Similar to a stack, a queue is also a **restricted data structure** given the small number of operations that can be carried out. In addition, a ** peek **operation can be implemented in a queue, which will return the value of the element at the head of the queue without dequeuing it. Other primitive operations on a queue may include

*IsEmpty*,

*IsFull*, and

*display.*The

*IsEmpty*function checks whether the queue is empty and

*IsFull*check if the queue is full. The

*display*function can be used to present the content of the queue. But again, these functions are not critical for the implementation of a queue.

Unlike a stack, queues can be implemented to have a bounded capacity or with no specific capacity. An overflow state of a queue occurs when an element is enqueued to a full queue, and an underflow state occurs when an element is dequeued, but the queue is empty.

The type of queue may differ on how enqueuing and dequeuing operations are performed on elements. Circular queue, priority queue, and double-ended queue are the special types of queues.

Using arrays and linked lists, queues can be efficiently implemented in high-level programming languages.

Queues are applicable in many areas such as simulations, batch processing in operating systems, scheduling algorithms, buffering requests, multiprogramming platform systems, etc.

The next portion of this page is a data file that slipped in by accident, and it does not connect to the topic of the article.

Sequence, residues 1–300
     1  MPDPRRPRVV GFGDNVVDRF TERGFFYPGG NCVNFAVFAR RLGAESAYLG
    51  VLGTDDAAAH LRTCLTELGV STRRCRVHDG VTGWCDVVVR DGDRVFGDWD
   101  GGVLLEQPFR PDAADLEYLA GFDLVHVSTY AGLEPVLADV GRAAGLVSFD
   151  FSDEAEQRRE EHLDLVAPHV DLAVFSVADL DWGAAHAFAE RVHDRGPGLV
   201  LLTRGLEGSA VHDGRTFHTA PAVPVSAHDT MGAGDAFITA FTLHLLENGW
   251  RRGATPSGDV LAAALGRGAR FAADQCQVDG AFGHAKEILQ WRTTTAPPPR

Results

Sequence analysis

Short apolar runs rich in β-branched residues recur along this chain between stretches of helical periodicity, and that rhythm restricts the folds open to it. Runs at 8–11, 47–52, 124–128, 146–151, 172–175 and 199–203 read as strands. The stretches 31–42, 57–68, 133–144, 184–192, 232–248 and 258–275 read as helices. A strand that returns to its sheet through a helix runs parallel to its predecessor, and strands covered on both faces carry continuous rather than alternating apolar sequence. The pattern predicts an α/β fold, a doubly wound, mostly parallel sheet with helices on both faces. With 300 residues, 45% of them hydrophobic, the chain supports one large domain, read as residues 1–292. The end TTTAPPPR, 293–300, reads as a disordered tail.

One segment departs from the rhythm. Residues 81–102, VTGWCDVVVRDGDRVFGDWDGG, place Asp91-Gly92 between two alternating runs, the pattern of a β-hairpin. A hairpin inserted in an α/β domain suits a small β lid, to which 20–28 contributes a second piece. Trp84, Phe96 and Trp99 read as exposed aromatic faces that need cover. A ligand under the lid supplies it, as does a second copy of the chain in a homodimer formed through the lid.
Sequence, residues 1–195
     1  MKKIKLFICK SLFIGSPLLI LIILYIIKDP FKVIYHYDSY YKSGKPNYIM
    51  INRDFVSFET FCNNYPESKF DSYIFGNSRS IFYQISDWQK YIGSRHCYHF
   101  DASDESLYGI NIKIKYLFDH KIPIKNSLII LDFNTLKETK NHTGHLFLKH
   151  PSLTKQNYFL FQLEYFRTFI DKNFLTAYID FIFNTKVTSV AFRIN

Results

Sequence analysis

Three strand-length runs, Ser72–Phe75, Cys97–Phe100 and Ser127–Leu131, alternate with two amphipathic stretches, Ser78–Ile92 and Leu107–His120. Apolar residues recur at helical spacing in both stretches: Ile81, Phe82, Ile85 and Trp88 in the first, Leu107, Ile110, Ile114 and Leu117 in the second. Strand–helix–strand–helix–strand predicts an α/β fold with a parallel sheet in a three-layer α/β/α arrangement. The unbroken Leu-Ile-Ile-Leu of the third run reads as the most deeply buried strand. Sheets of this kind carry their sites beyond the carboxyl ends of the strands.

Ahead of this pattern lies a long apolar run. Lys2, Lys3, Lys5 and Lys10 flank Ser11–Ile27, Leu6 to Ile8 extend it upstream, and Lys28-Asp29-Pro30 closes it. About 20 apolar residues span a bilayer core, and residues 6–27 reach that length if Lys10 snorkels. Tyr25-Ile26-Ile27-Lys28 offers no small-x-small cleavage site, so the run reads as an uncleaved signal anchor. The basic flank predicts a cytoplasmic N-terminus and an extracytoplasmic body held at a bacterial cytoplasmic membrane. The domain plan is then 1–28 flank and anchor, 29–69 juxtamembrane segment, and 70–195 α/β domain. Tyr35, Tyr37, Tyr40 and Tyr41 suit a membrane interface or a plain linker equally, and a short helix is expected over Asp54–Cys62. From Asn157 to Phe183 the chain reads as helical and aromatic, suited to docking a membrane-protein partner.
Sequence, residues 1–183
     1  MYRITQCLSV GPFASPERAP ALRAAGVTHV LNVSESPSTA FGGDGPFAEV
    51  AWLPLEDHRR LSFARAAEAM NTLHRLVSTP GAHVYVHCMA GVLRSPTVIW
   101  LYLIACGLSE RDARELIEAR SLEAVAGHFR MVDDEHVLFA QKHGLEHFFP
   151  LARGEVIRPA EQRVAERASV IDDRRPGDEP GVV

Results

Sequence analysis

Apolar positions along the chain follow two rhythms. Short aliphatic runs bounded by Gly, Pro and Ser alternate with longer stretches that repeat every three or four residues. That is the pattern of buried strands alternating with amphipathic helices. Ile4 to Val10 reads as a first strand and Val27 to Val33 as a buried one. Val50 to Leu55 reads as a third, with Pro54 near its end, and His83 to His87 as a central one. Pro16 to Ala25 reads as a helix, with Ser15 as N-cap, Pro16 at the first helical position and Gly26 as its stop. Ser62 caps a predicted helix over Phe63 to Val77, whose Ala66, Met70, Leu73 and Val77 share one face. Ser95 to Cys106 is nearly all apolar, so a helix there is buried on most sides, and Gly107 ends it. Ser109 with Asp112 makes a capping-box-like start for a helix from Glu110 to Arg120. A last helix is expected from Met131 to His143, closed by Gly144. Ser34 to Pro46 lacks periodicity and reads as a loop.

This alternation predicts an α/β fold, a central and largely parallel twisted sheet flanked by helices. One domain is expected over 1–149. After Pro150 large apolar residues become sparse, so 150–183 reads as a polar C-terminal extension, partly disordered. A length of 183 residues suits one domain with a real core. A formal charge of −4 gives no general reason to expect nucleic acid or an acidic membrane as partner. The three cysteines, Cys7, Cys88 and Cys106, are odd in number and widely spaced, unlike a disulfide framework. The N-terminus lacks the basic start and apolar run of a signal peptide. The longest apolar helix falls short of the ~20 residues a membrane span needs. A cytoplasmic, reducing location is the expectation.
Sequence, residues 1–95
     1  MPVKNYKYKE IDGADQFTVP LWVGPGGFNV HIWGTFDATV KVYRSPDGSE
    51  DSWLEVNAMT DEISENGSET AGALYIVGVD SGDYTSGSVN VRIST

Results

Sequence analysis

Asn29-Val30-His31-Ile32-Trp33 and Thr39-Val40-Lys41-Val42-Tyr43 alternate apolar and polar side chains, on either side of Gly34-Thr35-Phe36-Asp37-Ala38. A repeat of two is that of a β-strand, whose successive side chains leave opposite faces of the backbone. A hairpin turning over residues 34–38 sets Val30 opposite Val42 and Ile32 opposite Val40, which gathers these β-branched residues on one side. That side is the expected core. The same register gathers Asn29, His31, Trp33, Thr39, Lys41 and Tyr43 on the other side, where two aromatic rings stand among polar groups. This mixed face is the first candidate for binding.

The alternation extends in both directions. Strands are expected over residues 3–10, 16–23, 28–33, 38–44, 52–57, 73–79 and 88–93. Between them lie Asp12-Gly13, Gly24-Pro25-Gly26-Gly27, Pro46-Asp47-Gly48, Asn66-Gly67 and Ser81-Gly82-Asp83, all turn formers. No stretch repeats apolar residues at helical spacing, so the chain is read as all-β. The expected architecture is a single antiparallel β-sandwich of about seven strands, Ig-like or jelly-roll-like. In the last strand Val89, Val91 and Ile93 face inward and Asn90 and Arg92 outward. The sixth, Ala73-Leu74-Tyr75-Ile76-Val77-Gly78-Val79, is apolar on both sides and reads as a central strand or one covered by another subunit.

**Difference Between Stack and Queue**

**Accessibility to Elements**

In a **stack**, operations on data can be performed only at the top of the stack.

In a** queue**, both ends of the queue are accessible for operations. An insertion takes place at the tail of the queue, and a deletion can be made at the head.

**Behaviour**

A** stack** is an LIFO data structure, where the element that was added last to the stack is the first element to be removed. The removal is in reverse order to the order of addition.

A** queue** is an FIFO data structure, where the element that was added first to the queue will be the first element to be removed. Order of insertion and removal are the same.

**Basic Operations**

In a **stack,** an element is inserted at the top of the stack and removed from the top as well.

But in a** queue**, an element is inserted at the end of a queue and is removed from the front.

**Capacity**

A **stack** has a bounded capacity.

A **queue** can be of bounded capacity, but is usually implemented without a specific capacity.

**Wastage of Memory Space**

Since a **stack** only needs one pointer to keep track of the top of the stack, there is no wastage of memory space.

A** queue** needs two pointers ‘front’ and ‘rear’ to keep track of both ends of the queue. Therefore, there is wastage of memory space.

**Stack vs. Queue – Summary**

Both stack and queue are used for the purpose of maintaining ordered lists of elements. While a stack is an LIFO data structure, a queue implements an FIFO approach. Only one end of a stack is accessible for principal operations, but both ends of a queue can be used.